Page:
There are a lot of challenges you have to deal with when running a small business. From manufacturing products in a cost-effective manner, to increasing sales through promotion, to managing customers, small businesses always have a lot on their plate.
Most of these challenges can be made significantly easier by having more cash on hand, and the process by which a business keeps itself supplied with cash is called cash flow management in accounting circles. Business owners who cannot manage the cash flow of their business are almost guaranteed to fail, whereas those who do it well will see a high return on investment. Small businesses are prone to making cash flow management mistakes. They make unrealistic sales forecasts, fail to keep track of bills, allocate resources incorrectly, and in general act without a plan in mind.
As a general rule, a good cash flow can be accomplished by converting sales into cash as rapidly as possible, while taking measures to extend your payments. This makes cash flow management the key for sustained, long-term growth. To find out more on how to improve your cash flow management skills, take a look at our list of five expert-certified tips.
Delay your business expenses
One of the chief means of improving cash flow is to delay your business’s expenses. There are various strategies that you can employ to accomplish this, depending on the line of business your company is in. For example, manufacturers might opt to use cheaper input materials when creating their products, or delay re-filling their inventory until it has been completely exhausted. A service-based company, on the other hand, may decide to devote less time to each order. There are also some strategies that work irrespective of your company’s line of business, such as hiring part-time employees or volunteers in place of full-timers.
Ask vendors for more favorable payment terms
Vendors live and die by their clients, which means they have a strong incentive to help finance their customer’s purchases. Having an extra week or two to meet a deadline for a payment can make the difference between missing payroll and expanding. So for example, if your payments generally specify 15 days, try asking for 30 days instead. If you go an extra mile to better your relationship with vendors, you will find that some of them are going to be willing to negotiate a more favorable arrangement. Just make sure to be persistent when trying to do this. Even if your request for more favorable payments gets declined, things might change in the future.
Liquidate excess equipment
The rapid pace of modern technological development means that new and improved equipment is constantly flooding the market. Businesses that wish to remain ahead of the curve are then driven to purchase new tech, but this usually leaves them with older equipment that is just lying around, collecting dust. A better use for idle equipment would be to sell it for cash or lease it to another company that can actually put it to use. Another instance where selling equipment can be used to improve cash flow is when specific tools are only used on special occasions. Such equipment can easily be rented out if there is a need for it, and the proceeds from its sale can be used to finance some other parts of your business operation.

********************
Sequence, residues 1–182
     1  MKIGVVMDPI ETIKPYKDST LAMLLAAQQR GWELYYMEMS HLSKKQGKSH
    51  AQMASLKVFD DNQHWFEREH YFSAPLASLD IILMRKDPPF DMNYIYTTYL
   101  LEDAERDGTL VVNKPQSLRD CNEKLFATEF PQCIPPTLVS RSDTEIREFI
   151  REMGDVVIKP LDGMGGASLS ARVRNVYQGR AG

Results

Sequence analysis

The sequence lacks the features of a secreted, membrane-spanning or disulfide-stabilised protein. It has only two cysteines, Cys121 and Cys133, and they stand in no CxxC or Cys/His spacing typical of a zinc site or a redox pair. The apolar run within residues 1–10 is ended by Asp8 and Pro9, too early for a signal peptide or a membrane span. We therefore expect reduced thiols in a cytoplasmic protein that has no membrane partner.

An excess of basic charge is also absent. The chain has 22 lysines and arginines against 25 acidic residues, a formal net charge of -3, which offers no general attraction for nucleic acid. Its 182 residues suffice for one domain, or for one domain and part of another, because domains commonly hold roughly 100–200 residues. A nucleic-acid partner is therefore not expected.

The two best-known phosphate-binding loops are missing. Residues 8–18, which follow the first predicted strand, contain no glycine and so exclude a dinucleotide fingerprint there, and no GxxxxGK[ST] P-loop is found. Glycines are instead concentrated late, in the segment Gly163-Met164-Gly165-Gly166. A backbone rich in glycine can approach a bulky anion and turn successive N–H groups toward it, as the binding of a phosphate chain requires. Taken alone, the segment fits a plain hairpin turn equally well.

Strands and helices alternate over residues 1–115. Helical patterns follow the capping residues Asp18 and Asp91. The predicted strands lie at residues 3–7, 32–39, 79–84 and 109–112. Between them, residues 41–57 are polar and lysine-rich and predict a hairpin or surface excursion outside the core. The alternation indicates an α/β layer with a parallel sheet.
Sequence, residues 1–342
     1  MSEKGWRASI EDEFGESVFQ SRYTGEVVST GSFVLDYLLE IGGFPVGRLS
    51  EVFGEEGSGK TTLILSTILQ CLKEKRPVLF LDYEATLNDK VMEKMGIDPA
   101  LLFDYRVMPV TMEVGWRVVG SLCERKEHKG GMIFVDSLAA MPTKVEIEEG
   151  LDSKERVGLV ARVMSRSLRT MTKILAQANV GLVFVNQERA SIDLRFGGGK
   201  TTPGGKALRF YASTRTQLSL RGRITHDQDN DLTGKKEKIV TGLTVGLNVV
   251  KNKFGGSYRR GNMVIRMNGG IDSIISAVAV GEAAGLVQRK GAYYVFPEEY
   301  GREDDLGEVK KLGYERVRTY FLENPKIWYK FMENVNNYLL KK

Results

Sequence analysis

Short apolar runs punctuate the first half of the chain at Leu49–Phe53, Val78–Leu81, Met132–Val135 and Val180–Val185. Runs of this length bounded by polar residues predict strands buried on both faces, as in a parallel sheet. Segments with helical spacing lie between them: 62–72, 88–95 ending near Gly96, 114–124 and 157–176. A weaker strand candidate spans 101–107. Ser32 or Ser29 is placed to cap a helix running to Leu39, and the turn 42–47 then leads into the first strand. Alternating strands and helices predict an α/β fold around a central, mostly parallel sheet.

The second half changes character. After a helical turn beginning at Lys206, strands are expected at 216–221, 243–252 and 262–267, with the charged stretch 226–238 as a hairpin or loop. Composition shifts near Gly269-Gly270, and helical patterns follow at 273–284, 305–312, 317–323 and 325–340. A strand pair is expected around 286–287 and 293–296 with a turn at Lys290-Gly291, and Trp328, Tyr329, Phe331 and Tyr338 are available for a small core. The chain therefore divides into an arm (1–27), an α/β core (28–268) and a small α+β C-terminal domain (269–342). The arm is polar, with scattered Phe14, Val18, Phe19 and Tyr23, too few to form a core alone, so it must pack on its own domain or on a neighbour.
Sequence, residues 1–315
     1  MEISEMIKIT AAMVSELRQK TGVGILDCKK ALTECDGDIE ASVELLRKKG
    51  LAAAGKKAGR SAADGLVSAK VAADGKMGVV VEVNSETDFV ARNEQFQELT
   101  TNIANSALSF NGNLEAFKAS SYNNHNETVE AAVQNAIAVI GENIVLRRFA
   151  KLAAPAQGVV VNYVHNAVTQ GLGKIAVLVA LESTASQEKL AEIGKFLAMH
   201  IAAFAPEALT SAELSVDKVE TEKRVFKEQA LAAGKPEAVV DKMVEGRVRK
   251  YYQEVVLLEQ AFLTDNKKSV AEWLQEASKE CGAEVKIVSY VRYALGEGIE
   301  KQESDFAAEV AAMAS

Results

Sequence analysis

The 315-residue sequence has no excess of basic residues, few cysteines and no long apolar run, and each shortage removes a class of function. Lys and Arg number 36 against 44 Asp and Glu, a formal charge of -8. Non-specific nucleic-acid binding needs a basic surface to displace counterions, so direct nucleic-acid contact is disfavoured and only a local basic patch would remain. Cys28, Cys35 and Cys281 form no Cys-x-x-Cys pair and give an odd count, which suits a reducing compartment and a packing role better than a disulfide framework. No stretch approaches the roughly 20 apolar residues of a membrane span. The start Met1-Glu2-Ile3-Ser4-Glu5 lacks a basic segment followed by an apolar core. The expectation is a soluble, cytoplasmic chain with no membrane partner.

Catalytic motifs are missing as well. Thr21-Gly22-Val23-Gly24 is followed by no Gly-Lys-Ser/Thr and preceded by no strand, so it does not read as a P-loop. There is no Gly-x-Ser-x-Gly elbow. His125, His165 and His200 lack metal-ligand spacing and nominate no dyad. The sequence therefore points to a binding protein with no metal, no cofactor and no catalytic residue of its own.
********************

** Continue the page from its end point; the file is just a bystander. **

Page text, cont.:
Distribute your workload
Cash flow management is a time-sensitive affair. If a company takes it upon themselves to do a year’s worth of work in one month, they are bound to become overwhelmed, and likely fail. On the other hand, if a company fails to do enough work on a monthly basis, they will end up shutting their doors sooner rather than later. Therefore it is imperative that businesses adequately distribute their workload, as this will make cash flow managing much easier. In some instances, this may entail turning down work opportunities during certain periods of the year, or taking up additional work if the season is right for it.
Pick the right bank account
The success of your cash flow management efforts is highly dependent on the financial support services that you use. Your choice of bank is the most important factor in this regard. Different banks offer different kinds of accounts, and it is up to you as a business owner to find the ones that are in line with your financial plan. A business transaction account allows companies to deposit and withdraw cash with ATM cards, electronic debit cards and checks. A business savings account gives companies the option to accrue interest. A business term deposit may be used by companies to deposit a part of their assets for a period of time to earn a guaranteed return.
Having a positive cash flow is vital to small business success. As the saying goes, “Cash is king” in the world of business, and the more of it you can accrue on a regular basis, the better off your business will be in the long run. Cash flow management is vital for achieving this goal, and we hope that our short primer on the topic can help you become more proficient at it.
(Featured image by DepositPhotos)
DISCLAIMER: This article expresses my own ideas and opinions. Any information I have shared are from sources that I believe to be reliable and accurate. I did not receive any financial compensation for writing this post, nor do I own any shares in any company I’ve mentioned. I encourage any reader to do their own diligent research first before making any investment decisions.
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